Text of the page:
The rate of ice melt during the Bølling-Allerød warming is still at issue, but its consequences are not, Liu says. The modelers ran simulations of both a slow decrease in melt and a sudden end to melt run-off. In both cases, the result was a 15-degree warming.
"That happened in the past," Liu says. "The question is, in the future, if you have a global warming and Greenland melts, will it happen again?"
Time — both actual and computing — will tell. In 2008, the group simulated about one-third of the last 21,000 years. With another 4 million processor hours to go, the simulations being conducted by the Wisconsin and NCAR group will eventually run up to the present and 200 years into the future.
Traditional climate modeling approaches have been limited by computer time and capabilities, Liu explains.
"They did slides, like snapshots," Liu says. "You simulate 100 years, and then you run another 100 years, but those centuries may be 2,000 years apart (in the model). To look at abrupt change, there is no shortcut."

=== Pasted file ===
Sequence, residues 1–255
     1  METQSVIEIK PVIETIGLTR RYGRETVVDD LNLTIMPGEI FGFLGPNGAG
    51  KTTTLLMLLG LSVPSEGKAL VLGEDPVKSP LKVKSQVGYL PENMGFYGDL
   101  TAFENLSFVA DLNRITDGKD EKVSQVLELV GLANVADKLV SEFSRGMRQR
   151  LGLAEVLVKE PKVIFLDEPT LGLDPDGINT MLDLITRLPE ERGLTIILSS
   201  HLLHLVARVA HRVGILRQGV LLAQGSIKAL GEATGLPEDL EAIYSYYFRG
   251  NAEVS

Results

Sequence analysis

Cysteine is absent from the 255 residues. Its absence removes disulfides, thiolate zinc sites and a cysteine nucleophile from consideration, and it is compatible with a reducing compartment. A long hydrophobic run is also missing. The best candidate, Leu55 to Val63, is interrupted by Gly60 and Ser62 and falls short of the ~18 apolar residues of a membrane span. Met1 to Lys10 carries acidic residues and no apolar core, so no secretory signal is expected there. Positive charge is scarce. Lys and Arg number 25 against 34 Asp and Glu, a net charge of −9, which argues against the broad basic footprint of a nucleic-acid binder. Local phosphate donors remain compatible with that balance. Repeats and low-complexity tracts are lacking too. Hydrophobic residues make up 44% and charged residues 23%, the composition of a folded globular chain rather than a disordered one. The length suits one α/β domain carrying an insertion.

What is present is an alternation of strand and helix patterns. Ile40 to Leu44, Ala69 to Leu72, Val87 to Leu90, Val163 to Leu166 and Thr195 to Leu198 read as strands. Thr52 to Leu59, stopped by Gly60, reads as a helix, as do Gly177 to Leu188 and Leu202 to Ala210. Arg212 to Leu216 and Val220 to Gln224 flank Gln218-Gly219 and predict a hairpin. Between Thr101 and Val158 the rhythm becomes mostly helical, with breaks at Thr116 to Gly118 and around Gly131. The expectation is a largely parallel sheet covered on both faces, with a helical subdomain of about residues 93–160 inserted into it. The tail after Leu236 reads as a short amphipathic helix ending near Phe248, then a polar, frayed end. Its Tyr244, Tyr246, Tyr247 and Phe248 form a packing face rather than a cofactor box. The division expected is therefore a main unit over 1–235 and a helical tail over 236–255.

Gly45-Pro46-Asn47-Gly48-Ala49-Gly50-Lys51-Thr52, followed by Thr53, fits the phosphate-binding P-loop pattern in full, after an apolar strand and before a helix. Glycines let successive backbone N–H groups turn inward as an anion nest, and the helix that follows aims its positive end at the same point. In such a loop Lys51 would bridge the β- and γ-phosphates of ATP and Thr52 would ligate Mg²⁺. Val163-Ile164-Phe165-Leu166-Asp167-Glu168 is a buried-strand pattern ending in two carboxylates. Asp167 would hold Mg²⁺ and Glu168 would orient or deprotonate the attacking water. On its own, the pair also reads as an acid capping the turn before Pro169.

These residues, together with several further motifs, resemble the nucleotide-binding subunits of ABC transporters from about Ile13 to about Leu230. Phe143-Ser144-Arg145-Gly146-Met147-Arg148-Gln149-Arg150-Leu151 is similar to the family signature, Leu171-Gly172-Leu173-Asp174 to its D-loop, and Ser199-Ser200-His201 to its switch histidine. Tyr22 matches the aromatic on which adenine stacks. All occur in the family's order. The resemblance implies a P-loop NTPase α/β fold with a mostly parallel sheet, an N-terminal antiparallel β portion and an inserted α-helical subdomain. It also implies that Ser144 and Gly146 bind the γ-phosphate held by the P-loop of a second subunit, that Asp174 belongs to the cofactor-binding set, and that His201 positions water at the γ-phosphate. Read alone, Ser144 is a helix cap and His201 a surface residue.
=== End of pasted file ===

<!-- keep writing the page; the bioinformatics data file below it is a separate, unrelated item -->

Using the interactions between land, water, atmosphere and ice in the Community Climate System Model developed at NCAR, the researchers have been able to create a much more detailed and continuous book of snapshots — each just 20 minutes apart — "giving us more of a motion picture of the climate" over millennia, Liu said.
He stressed the importance of drawing together specialists in computing, oceanography, atmospheric science and glaciers — including John Kutzbach, a UW-Madison climate modeler, Oregon State University geologist Peter Clark, UW-Madison geologist Anders Carlson, and UW-Madison doctoral student Feng He. All were key to attaining the detail necessary in recreating historical climate conditions, Liu says.
"All this data, it's from chemical proxies and bugs in the sediment," Liu says. "You really need a very interdisciplinary team: people on deep ocean, people on geology, people who know those bugs. It is a huge — and very successful — collaboration."
The new study was funded by the U.S. National Science Foundation, with additional support from the U.S. Department of Energy.